Here's a copy of the original at the same size as the 300% blowups to establish detail:
The function in Adobe Photoshop is a bit hidden. It's called Image Processor and is under the File Menu in the Scripts submenu. The interface works but is a bit clumsy and heavy-handed in comparison to the shareware alternatives. Amazingly enough with a jpeg setting of 8, Photoshop CS6 placed last in our quality tests albeit coming second in terms of size (168 KB). Here's a 300% blow up of Photoshop's 1600x1066 version of the 5740x3840 master photo. Note the jpeg jaggies on the freckle on the baby's nose. There are also nasty jpeg noise around the nostril.
Something unique which Photoshop's Image Processor does have going for it is explicit and reasonably reliable conversion to sRGB from other colour profiles. I used to put a lot of value on the sRGB conversion on output feature (and for dealing with other people's legacy archives it's still invaluabe). In the meantime, both for print and web, I've found the right time to convert images to sRGB is during output of 100% quality JPEG archives before resizing. Like simple text files, future generations will be able to open these 100% jpegs with sRGB colour profiles reliably for hundreds of years (well unless humanity really do manage nuclear armageddon and bomb ourselves back to the stone age).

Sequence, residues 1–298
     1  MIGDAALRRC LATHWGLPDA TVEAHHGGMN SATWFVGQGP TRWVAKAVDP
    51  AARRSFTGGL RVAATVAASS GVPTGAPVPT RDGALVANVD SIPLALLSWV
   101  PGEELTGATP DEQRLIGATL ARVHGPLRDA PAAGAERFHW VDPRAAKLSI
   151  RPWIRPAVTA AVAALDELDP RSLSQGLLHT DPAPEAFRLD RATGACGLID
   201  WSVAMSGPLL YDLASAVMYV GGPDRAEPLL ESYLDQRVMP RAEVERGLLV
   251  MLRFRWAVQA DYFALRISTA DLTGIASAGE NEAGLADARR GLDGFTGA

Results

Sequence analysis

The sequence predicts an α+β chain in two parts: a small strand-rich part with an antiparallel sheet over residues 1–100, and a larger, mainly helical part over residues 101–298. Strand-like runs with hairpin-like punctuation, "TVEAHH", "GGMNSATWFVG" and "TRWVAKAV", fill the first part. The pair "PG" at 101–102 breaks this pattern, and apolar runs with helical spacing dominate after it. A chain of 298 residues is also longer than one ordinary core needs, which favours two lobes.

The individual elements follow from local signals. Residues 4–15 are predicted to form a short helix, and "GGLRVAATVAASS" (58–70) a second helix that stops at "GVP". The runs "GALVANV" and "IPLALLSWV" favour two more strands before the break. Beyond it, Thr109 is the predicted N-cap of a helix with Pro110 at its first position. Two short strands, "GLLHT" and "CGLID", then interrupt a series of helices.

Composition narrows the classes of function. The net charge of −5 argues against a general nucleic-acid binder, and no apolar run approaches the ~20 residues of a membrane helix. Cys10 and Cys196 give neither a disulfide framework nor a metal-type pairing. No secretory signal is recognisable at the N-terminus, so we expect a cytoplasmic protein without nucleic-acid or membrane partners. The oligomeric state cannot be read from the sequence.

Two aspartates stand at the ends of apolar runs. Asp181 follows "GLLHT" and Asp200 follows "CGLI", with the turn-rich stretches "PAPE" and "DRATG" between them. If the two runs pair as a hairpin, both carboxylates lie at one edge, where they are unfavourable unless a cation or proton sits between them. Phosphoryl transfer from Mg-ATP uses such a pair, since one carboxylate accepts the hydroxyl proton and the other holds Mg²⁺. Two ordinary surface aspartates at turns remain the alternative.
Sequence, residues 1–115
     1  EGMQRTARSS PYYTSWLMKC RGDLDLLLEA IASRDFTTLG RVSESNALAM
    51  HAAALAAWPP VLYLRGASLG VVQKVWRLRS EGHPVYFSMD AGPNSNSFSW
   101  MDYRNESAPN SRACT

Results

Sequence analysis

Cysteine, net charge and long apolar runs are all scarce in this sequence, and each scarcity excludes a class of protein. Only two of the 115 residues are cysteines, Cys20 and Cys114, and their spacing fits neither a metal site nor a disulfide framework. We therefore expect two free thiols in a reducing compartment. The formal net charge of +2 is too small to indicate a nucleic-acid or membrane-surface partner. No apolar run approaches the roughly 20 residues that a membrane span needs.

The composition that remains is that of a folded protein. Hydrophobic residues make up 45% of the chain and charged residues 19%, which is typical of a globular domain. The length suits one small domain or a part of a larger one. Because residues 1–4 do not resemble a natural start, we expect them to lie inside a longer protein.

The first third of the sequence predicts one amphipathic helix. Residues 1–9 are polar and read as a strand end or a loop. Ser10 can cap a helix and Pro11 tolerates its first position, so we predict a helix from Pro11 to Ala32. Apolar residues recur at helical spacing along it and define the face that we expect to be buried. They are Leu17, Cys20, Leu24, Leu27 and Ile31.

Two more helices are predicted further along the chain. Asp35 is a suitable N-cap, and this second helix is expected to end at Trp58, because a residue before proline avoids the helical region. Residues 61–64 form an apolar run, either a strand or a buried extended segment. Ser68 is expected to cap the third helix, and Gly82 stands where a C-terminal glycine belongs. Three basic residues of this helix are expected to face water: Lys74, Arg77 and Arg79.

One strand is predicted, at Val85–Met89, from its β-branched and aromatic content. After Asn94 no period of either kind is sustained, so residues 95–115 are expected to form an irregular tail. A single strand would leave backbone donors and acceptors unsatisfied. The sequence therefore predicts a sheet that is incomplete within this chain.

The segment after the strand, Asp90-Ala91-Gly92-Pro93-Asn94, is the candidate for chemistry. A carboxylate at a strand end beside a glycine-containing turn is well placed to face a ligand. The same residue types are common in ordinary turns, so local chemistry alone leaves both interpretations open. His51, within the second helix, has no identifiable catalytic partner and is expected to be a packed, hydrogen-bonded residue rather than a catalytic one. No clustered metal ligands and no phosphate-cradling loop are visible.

PSD's or tiffs are now for me large work files which can use alternative colour profiles (even then alternative colour profiles are rarely worth it, without a very tight calibration and monitoring system: the difference is unlikely to show up in the web or in prints and you are radically increasing your chances of getting something completely different in print or on the web than you imagined whenn working).
JPEGmini is the simplest to use (see the easy preferences here) and is supposed to use patent pending algorithms to reduce file size without losing any quality. Unfortunately JPEGmini (v 1.8.7) faced many of the same issues as Photoshop. Check again the freckle on the baby's nose as well as some discolouration (green) above the baby's right eye. That discolouration is not present in the original. JPEGmini won the size stakes with a 1600 x 1066 web version at 164 KB with no option for more or less compression.
The simplicity of use here is fantastic though and JPEGmini wins the interface stakes. I wish its output was just a bit cleaner.
Next comes Apple's own Preview (v5.03) While Apple doesn't offer straightforward batching (you really need to set up an Automator workflow to match the ease of use of our other contenders who are mainly drag and drop once set up), quality is pretty good. Finally the freckle looks good and there is only the tiniest hint of discolouration above the baby's eye. This is with the second smallest file size of 199 KB. If you are up for the struggle with Apple Preview to get batch conversions out of it, here's a good guide. Here's an alternative resizing approach with Automator (powerful but clunky with the constant risk of Apple updates breaking existing routines). I prefer a stable app whose interface remains the same on any recent version of OS X, like those below.